If you have driven the length of Acapulco in the last year, from Barra (near the airport) to Pie de la Cuesta from head to toe, as it were you will have seen many changes: Improved roads at both ends, a new plaza in Caleta, and a mammoth shopping center, hotel and cinema complex on the way to the Naval Base in Acapulco Dorado.
Go further, past the Convention Center and upwards towards Las Brisas and you will see svelte new high-rises, pointy, twisty, curvy condos shining in the evening sun. But it’s when you reach Puerto Marques and the crashing Revolcadero Beach, the area referred to as Acapulco Diamante, that jaws start to drop.
It’s transformed; packed tight and gleaming with businesses.
Gone are the days when there was nothing between the legendary Hotel Princess and the airport (5 minutes drive in the 1970s), and longer gone, in the late 1950s, when the chic Hotel Pierre Marques was the only building to grace these shores.
“When I was a boy, I remember when my father, who was a taxi driver, came to the hills here to hunt pheasant and tigrillo, a wild cat a little bigger than a domestic cat,” says Baldomero Regules from his office that overlooks giant washing machines and tumble driers that recall the early space age.
“You don’t see them anymore, but that’s why that hill there by Las Brisas is called ‘Cerro del Tigre,’ ” he explained.
Baldomero has worked for 32 years in the landmark Hotel Princess, built outside Acapulco in the late 1960s.
“The Princess was 15 or 20 years before its time,” says Balderamo. “When it was built there was nothing even similar in Mexico.”
He says it was the first hotel to have a salt-water pool and its own water from a sewage treatment plant that reclaimed, even in those days, 70 percent of the used water for irrigating the golf course and lagoons.
This early display of environmental good sense has carried forward into ecological thinking today. The hotel now called the Fairmont Acapulco Princess is committed to recycling. On World Beach Cleanup Day it rounded up three tons of garbage. They have set invaluable examples for others to try to follow in a tourist destination plagued by bad news of bay pollution.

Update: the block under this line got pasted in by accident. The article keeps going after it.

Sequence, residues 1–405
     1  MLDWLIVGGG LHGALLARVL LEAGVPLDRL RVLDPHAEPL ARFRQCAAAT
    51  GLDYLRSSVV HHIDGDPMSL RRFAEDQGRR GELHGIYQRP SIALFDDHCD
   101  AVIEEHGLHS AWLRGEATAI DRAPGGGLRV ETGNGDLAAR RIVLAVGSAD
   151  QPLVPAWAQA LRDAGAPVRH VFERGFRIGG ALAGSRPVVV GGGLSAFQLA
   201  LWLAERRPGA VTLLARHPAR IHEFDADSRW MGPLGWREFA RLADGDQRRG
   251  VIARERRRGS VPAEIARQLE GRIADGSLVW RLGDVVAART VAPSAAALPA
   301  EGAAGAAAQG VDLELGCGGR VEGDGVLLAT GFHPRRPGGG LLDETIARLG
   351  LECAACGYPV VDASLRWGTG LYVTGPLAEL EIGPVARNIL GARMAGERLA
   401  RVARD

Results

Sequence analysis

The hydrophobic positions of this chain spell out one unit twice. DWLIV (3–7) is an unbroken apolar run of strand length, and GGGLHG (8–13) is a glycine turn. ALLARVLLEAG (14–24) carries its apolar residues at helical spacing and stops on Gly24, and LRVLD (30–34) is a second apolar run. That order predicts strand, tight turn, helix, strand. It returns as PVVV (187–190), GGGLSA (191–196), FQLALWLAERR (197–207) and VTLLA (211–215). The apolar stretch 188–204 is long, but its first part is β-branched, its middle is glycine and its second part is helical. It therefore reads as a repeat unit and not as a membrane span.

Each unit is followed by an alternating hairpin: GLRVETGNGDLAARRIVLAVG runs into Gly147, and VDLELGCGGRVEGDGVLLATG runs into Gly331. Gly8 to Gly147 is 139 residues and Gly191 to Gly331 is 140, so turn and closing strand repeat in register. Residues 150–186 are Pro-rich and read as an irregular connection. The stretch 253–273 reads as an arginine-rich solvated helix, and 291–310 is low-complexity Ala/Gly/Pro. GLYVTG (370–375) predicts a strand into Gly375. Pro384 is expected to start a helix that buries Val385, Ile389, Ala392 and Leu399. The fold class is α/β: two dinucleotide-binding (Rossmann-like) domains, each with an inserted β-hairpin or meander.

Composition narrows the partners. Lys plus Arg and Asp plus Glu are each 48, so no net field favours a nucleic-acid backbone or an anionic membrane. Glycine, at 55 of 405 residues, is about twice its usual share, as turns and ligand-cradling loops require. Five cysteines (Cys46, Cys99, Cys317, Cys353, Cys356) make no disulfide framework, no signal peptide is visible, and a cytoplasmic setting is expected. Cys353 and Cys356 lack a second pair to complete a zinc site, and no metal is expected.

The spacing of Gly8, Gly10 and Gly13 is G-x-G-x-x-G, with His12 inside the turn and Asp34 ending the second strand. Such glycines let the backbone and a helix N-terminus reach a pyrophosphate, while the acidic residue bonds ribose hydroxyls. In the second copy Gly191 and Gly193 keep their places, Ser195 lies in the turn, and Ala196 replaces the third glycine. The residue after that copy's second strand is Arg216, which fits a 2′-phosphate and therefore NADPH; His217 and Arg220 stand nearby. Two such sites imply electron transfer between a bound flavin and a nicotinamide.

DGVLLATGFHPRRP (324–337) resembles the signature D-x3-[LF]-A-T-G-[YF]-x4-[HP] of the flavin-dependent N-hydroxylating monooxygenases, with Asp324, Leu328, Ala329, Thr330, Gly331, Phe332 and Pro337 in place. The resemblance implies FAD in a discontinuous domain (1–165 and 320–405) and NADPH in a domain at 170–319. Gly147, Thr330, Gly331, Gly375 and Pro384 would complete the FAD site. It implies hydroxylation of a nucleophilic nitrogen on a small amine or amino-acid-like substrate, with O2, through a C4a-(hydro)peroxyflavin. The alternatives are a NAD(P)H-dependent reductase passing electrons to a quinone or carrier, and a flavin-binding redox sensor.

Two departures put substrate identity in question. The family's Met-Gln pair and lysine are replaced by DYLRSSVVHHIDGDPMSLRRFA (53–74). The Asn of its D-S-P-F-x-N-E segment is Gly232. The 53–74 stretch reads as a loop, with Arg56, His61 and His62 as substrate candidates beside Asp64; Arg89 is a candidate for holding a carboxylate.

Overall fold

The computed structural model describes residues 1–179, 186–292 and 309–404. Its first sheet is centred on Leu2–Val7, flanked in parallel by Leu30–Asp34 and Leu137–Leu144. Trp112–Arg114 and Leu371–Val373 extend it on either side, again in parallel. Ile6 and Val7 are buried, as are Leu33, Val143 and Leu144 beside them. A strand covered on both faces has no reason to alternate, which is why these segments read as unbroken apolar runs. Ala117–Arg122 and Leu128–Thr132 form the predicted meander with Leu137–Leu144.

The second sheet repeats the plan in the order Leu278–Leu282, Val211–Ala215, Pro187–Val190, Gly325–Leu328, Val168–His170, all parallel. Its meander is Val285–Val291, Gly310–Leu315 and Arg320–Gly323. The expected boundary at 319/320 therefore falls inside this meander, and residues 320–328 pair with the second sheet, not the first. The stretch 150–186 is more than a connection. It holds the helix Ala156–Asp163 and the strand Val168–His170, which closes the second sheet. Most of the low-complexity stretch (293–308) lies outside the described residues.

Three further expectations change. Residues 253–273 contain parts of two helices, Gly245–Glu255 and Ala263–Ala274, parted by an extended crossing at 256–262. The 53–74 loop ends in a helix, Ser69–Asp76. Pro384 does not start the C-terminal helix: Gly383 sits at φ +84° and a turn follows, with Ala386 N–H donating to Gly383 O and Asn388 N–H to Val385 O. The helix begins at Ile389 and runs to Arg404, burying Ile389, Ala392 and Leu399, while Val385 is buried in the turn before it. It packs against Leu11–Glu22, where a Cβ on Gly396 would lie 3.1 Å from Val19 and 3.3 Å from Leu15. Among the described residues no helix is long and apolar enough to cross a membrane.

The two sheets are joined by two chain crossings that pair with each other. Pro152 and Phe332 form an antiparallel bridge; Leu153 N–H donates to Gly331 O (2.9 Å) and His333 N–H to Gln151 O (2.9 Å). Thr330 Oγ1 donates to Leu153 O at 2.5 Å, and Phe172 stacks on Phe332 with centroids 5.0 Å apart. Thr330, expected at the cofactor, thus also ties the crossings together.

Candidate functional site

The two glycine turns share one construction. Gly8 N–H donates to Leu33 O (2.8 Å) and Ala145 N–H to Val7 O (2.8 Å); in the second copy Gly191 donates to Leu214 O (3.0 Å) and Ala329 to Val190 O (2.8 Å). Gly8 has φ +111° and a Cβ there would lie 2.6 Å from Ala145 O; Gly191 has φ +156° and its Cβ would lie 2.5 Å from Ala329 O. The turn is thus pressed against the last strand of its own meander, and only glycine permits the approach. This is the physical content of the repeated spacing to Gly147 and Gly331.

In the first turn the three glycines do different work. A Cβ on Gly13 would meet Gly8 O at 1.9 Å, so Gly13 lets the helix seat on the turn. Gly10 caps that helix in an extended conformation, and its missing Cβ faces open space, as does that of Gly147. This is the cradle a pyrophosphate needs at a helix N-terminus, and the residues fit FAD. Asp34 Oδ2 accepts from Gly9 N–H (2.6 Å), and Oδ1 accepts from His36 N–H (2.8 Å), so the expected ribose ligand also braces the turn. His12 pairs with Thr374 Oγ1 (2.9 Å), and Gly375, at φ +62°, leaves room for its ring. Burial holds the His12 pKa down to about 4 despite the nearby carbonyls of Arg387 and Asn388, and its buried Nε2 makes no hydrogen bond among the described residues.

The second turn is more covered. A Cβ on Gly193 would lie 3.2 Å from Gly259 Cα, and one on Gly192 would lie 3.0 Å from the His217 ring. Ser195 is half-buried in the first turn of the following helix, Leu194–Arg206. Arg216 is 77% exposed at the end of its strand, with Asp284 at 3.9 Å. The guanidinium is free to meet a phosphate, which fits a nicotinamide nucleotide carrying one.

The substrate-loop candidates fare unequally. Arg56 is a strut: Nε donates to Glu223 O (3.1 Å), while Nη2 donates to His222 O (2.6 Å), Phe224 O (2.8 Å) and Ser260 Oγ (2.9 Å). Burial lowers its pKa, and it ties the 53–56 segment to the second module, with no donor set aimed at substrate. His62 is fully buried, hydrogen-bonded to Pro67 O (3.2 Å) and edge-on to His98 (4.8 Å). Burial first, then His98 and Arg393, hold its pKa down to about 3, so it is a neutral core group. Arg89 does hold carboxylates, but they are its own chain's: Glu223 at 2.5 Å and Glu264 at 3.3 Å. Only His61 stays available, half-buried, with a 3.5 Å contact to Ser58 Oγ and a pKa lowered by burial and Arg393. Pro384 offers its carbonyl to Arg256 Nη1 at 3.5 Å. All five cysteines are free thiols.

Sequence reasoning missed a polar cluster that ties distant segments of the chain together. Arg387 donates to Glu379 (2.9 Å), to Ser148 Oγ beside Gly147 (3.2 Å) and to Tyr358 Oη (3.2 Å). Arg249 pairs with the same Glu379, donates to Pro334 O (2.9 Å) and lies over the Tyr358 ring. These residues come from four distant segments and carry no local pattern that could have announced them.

Balderamo now in charge of six million pounds in weight of washing every year (2,300 sheets every day, during full occupation) saw all the business bacchanalia of the hotel’s early years, before the Hyatt was built.
“I remember 5,000 bottles of champagne for a poolside event, and when IBM had four-day parties,” he says.
It began with all the fanfare befitting the international jet set of the day and it continued that way. Howard Hughes hid out here from the FBI in the last months of his life.
“The epoch of the Princess was one of exclusivity,” Balderamo says, recalling the visits of Henry Kissinger, presidents and dictators, when he worked in the food and drinks department.
“I attended Marcos from the Philippines and remember it well, because there was a tremor during his stay. He was with Imelda and two kids in the penthouse. To help them get over the shock, before suppertime, we sent up a pitcher of margaritas. There were bodyguards all around and only two of us were allowed to enter the rooms.”
The Princess’ marble floors have been trod by an array of public and incognito figures, from Sylvester Stallone, María Félix and Kevin Costner, to arms traders, people decked in kilos of gold, and Lolitas of varying degrees of fame and talents. Actors, heartthrobs and politicians are still among the guests today, such as Pierce Brosnan and Bill Clinton (who honeymooned here all those years ago with Hillary) who visited recently.
So are middle class families from Mexico’s three major cities, and many also request permission to come for their wedding or quinceaños photos. It remains a site of innovation and caché, a mode of the last two years being the Engagement Proposal Package. This built up after various creative and moneyed youngsters asked permission to give the ring here, one Canadian family going so far as to have written “Will you marry me?” in fireworks in the Revolcadero beach’s night sky.
The current fashion is to start with a swim in the pool, a three-hour yacht ride, a visit by the young woman to the prestigious Willow Stream spa in the hotel, followed by supper and sometimes a video of congratulations from friends and family.
This icon of Mexican tourism’s past is surprisingly accessible for a visit, and lodging costs are not as high as you may expect. Prices are on par with the Pierre Marques, practically next door, the other hotel personage of the area. This welcoming, two-story hotel was built in 1957 by high profile billionaire Jean Paul Getty, while the Princess was built by Daniel K. Ludwig, so low profile he was known as “the invisible billionaire.”